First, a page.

I’m 29, well educated, much travelled, and considered very attractive. My boyfriend of 18 months asked me to move with him to his California home for part of the winter. I was thrilled. He’s 41, good-looking, and successfully heads his own company, which he runs from both his homes.
I thought he’d propose here, but so far nothing other than a gift (new designer watch).
Recently, he’s had late “dinner meetings” and acted a bit distant, saying he’s distracted by an impending deal. I snooped, and he’s been seeing another woman he met online while here! She’s 25, not university-educated, and comes across as ordinary but sexy.
I’ve said nothing. I figure that it’ll pass as she’s not his type, and with his business pressures, she’s an easy distraction. I’m disappointed, but we’ve had a wonderful whirlwind romance and I’m not giving it up easily. What do you think?
Stronger and Smarter
It’s not a competition; it’s a separate category. You’re his social companion; she’s his current playmate. There’ll be others.
If you accept this one, you’re setting yourself up for years of snooping, and worrying if his affair partners appear sexier, smarter, and/or younger.
Confront him. He’s a player. If he denies it, makes no move to change (other than rote apologies), resists counselling, then run. His gifts aren’t worth it.
I admire and love my sister, however, she can be hurtful and difficult.
She admits she’s had issues with depression/anxiety. I’ve tried to be supportive through her unhappiness in her marriage.
But she lashes out at wrong moments, creating “big deals,” for me, e.g. the night before my wedding.
She asked why I was so happy and she was not.
On my wedding day morning, she and her husband had an ugly argument which left us all in tears, including my parents.
Recently, I was excited that my husband was joining our children and me after working abroad. But she chose the night before to upset me about petty things from 20 years ago.
I've suggested we take a step back in our relationship. Also, that we spend time 1:1 rather than with mutual friends, as she later complains that people weren’t as interested in her as in me.
She’s also said that she wishes she were happier and more relaxed like I am.
I feel that the root of her issues is jealousy. She’s also manipulative, and creates rifts in the family with her husband.
I want to forgive and forget, but her behaviour can really affect/hurt me.
How can I move forward at 40? After my living away, I felt she and I had become close but I now feel like being distant again.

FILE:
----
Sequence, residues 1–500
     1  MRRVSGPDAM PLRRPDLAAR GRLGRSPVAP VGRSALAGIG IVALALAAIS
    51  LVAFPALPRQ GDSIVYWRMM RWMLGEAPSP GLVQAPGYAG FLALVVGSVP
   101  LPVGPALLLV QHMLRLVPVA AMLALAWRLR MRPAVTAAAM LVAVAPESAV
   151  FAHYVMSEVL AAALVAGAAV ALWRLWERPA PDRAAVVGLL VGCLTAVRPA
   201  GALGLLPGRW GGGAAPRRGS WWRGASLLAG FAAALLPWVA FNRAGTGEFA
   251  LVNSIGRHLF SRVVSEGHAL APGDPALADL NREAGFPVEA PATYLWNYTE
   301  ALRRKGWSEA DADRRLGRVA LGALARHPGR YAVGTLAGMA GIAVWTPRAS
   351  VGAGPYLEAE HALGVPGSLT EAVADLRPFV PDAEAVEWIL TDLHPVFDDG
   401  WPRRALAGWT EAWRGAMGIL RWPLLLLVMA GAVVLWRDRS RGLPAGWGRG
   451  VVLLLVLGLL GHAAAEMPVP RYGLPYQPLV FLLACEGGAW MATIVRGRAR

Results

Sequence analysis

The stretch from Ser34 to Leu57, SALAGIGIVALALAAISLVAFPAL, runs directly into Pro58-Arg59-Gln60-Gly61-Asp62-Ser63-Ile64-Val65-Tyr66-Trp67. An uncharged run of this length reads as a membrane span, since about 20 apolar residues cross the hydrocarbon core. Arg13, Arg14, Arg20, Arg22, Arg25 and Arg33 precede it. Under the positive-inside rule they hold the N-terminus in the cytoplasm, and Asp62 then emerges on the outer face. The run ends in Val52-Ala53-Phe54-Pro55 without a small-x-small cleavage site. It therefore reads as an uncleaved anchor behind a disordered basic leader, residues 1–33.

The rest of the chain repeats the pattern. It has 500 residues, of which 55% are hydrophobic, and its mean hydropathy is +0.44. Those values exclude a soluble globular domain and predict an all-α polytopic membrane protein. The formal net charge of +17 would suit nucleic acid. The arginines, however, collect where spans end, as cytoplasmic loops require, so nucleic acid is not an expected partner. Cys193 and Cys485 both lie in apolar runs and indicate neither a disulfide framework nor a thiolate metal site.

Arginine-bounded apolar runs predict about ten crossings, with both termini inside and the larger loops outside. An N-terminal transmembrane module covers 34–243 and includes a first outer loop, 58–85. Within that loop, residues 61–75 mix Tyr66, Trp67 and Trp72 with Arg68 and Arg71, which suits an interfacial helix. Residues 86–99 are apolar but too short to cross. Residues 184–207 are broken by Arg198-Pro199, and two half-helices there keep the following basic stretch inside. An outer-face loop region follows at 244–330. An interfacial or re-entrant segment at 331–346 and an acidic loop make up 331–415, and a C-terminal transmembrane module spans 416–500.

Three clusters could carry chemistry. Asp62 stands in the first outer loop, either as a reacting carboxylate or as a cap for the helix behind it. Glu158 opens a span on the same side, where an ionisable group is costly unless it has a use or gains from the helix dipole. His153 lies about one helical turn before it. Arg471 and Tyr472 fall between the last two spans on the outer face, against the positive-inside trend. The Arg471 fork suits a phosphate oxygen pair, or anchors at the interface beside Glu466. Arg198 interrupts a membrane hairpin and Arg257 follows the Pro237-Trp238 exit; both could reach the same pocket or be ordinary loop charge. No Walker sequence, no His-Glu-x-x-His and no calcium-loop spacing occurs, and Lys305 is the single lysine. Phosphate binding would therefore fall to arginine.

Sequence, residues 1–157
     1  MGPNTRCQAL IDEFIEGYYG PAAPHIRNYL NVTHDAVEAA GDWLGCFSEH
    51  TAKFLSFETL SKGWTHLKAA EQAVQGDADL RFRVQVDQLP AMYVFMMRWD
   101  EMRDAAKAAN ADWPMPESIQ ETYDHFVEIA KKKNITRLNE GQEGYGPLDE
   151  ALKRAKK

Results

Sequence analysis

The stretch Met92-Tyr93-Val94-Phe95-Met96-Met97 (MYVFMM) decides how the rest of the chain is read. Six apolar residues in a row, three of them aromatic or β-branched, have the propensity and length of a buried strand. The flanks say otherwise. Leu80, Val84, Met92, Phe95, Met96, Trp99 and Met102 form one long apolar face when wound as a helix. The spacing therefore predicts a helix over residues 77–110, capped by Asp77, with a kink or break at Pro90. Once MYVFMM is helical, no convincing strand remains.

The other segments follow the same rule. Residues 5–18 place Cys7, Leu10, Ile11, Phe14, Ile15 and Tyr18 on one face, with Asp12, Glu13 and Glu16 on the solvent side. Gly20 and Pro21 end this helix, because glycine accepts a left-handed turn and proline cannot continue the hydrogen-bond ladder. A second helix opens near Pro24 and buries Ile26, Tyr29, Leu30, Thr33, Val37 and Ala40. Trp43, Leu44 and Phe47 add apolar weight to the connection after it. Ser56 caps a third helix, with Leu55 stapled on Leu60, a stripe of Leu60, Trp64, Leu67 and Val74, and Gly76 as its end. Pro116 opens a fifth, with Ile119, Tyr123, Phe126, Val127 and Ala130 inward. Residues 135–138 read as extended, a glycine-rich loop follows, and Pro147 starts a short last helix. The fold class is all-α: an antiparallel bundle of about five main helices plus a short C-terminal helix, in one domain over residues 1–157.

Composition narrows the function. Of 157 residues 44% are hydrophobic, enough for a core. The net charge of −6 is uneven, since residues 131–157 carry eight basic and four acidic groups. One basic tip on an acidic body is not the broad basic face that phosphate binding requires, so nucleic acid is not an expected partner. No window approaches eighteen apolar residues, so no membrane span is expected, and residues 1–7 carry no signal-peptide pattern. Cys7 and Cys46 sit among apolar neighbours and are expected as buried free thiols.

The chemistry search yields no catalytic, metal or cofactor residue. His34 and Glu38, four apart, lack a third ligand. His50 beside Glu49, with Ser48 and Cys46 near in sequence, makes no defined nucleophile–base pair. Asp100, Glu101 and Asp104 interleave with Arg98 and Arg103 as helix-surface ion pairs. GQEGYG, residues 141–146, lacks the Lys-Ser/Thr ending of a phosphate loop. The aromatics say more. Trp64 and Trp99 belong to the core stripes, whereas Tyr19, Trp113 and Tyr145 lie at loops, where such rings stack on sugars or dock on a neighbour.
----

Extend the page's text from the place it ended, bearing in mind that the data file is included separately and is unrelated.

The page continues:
Perhaps I should just respect that she’s a family member and try to keep things pleasant.
She’s troubled, unhappy, anxious, depressed, jealous, and manipulative. You can’t change any of that; you can only be supportive when possible, distant when you need to protect yourself.
She creates family rifts because it draws her and her husband closer. Her putdowns of you (or friends) make her feel momentarily better about herself.
Yes, she’s a sister, and you can do your best to be respectful, pleasant when possible. But withdraw when not, and make it clear you won’t tolerate verbal or emotional abuse.
She could possibly improve her outlook with counselling. But your suggesting it would likely create hostility. Hopefully, she may come to it on her own.
My husband of 20 years is a really good guy. But his mother, 80, healthy, with plenty of money, looks like a bag lady!
Her hair’s constantly messy and she wears old, patched-up hoodies with matching bottoms, and wrong bras.
Yet she brags about having nice outfits in her closet.
She always has visible dandruff and talks with her mouth full. Everyone else around her dresses nicely.
Her immediate family ignores the issue, saying, "She's always been that way."
I’m embarrassed about her.
She has the right to dress as she pleases. But clearly something’s changed, since she once owned nicer clothes and acknowledges this.
Perhaps being on her own (widowed? divorced?) caused a depression, which the family’s long ignored.
Perhaps she needs comfort, caring, someone to shop with her, compliment her, accompany her to the hairdresser. And to the doctor to check for physical or mental health issues.
Being “embarrassed” does nothing for you or her.
Tip of the day:
A serial player is easy to spot, hard to change, and harder to endure with self-respect.